By Jim Hochberg, President & CEO
Greetings from Hawaii Family Advocates as I share the second installment in the “IKEA” series I promised to complete during the rest of this calendar year. As a review, the first installment asked us to consider what it is that we individually value. That discussion explored what it means to value something as in to consider or rate highly: prize, esteem; to rate or scale in usefulness, importance, or general worth. (If you missed it, you can read it here).
Today, I want us to ponder what it is that you value the most. For each person the answer is likely different, particular to individual situations. But as members of the same population living in Hawaii, as part of the United States of America, we likely share some basic, similar, highly valued aspects of our existence. Perhaps we can agree that we highly value some of those other human beings that share their lives closely with ours. We value the beauty of the natural environment on a daily basis. However we each ended up living in Hawaii (by relocation or birth), we share those blessings.
Perhaps we also highly value our availability to devote our time and talents to pursue hobbies, interests, and activities that we either enjoy doing or at least receive satisfaction in completing. We highly value our income earning opportunities that feed our other interests with the money it takes to enjoy them. If we were to stop and think about it, there are communities around the globe where the people do not have the freedom or resources to develop those kinds of interests. I imagine there are people who live in places where they are not able to freely share their day-to-day lives as closely with others as they would like. They may lack the necessary resources in time, money or other things they need to be able to enjoy the things we value so highly.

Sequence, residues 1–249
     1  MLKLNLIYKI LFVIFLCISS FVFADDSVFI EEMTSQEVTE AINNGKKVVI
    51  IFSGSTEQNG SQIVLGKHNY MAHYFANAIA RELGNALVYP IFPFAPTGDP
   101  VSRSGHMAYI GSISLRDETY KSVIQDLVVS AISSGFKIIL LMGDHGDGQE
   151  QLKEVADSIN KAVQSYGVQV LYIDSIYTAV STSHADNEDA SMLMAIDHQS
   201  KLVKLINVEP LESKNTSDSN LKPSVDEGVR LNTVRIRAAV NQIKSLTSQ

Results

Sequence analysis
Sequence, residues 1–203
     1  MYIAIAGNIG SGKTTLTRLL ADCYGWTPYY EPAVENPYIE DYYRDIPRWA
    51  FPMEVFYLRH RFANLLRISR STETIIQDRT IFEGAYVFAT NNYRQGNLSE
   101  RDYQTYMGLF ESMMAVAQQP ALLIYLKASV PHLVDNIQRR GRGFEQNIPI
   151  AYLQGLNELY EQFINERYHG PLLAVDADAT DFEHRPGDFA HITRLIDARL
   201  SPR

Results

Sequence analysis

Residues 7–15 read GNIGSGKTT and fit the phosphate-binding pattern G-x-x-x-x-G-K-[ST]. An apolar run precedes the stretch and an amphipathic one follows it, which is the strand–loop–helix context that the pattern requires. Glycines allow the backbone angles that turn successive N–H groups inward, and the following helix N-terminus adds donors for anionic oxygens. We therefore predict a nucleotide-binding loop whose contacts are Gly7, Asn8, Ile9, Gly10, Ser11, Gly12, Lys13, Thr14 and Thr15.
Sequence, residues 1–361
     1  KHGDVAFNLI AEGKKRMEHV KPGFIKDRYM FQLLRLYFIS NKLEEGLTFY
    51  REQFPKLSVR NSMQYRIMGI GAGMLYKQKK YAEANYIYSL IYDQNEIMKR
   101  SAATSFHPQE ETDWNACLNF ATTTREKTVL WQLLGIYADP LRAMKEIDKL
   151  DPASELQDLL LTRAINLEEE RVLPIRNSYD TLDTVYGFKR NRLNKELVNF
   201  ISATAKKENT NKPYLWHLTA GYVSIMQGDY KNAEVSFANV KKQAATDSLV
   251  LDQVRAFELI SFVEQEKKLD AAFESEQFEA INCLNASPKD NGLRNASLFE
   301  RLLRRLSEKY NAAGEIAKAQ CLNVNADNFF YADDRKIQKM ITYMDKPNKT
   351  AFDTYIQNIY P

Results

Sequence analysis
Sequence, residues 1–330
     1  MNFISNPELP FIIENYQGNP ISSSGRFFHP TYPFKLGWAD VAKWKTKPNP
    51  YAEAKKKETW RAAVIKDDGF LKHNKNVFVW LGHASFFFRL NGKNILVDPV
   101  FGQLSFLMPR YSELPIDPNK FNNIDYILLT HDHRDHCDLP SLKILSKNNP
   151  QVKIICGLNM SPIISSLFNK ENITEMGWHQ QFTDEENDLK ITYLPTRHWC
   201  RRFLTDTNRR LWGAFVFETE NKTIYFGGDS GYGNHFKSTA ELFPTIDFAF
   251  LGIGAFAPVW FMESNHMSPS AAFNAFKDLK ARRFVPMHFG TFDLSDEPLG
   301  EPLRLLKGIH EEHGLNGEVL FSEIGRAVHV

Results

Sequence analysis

If we all stopped to consider the value of the freedoms we do enjoy in Hawaii, being part of the United States of America, we would likely put our freedom on the top of the list of the things we value most. And we should because our exercise of our freedom often occurs on a daily basis with little or no fanfare or even any notice at all. Perhaps we just take it for granted that tomorrow we will continue to be as free to interact with our loved ones and do the things we like to do.
The real question is whether you are lucky at this time in history you are able to enjoy valuing these particular things, or whether there is a structure ungirding your ability to enjoy them? Perhaps it is time to begin to think about these things in a purposeful new way so you start to consider what kind of sure foundation supports your expectation to continue to be able to enjoy these things.
The overall purpose of these messages is to help us explore what it is in our life in Hawaii that impacts, negatively or positively, the things we value, and what, if anything, we might be able to do to support the positive and make the negative more positive so we can strengthen the things we value in the face of living in Hawaii.